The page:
GOAT logo

Join the conversation! The forum activity is now at GOATeach.org!  We are working to cross pollinate our conversations. Document and share tools at farm hack and talk at GOAT!  Also join GOAT riot and introduce yourself and your projects!

Did this machine ever run?

Topic Type: 

I am very interested in building one of these for my small grain farm and have the tools and material to build one. I'm curious as to if the machine as described here was ever operated. The drawings are hard to put together into a coherent picture of the final machine, especially the rotor design. It all looks like drawings out of an old farmer's notebook from 1980, was this the machine tested or was it reimplemented from his drawings?

There is a mention of it being operated at New Hampshire - any pictures of the final machine or reports of performance would be quite valuable!

dorn's picture

The unit we ran that was built on the plans is in Brattleborough Vermont. We had it here for the Farm Hack New Hampshire event and tested it on oats and It worked very well. We did not set up the cyclone separator but we used a clipper fanning mill to separate the chaff and we had a product which was clean enough to make oatmeal with. The raw footage is being sent to me next week which should show the unit running and working - but while I track that down I can post some still images I tool before we ran it. The images taken are inside the sheet metal housing mostly show the stator and cylinder with flat fan blades which create airflow to blow out hulled material. The stator blocks a good view of the gap between stator and cylinder. The other photo is of the gate to control flow into the huller.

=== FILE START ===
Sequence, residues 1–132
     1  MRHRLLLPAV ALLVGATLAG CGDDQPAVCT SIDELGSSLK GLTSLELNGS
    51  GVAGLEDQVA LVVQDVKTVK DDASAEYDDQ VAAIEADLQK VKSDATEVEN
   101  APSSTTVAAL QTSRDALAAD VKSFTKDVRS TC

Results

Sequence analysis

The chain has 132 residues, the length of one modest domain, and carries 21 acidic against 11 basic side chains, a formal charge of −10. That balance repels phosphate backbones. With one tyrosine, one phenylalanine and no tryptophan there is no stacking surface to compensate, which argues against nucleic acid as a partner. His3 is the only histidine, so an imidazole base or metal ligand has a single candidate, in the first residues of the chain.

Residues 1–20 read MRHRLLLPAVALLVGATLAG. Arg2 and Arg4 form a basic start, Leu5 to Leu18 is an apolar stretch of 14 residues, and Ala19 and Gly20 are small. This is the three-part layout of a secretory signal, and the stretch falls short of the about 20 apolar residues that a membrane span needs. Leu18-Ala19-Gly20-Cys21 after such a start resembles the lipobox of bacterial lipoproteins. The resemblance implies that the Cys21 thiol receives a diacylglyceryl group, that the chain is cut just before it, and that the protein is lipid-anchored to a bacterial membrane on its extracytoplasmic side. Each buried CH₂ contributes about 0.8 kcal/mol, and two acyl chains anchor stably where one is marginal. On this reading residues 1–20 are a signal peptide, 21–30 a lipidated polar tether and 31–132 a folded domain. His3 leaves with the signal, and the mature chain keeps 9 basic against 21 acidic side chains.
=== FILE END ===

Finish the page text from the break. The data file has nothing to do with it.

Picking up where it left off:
Rectifier's picture

That's great that you managed to build a working device from these plans! So the machine doesn't require suction to pull out the hulled oats/chaff mixture, it will blow it out of the outlet itself? From the drawings it looks like a lot will fall to the bottom and be trapped? Or do the fins on the cylinder move enough air to lift it.

You call it a "cylinder" which brings to mind a combine cylinder and its "beating" action. Does this work by contact or does it work by impact (throwing the grains into the stator)?

Thanks for getting back to me and it will be great to see photos/video of the entire machine. When you say the finished product could be used for oatmeal, I assume it is still whole groats and would need to be cut/broken to cook? Or is there a large proportion of broken groats?

TommyY's picture

Learned recently that the all-crop harvester, made between 1930-60's, is being used to dehull spelt.

I hope to learn more about what kind of rate the machine is doing it.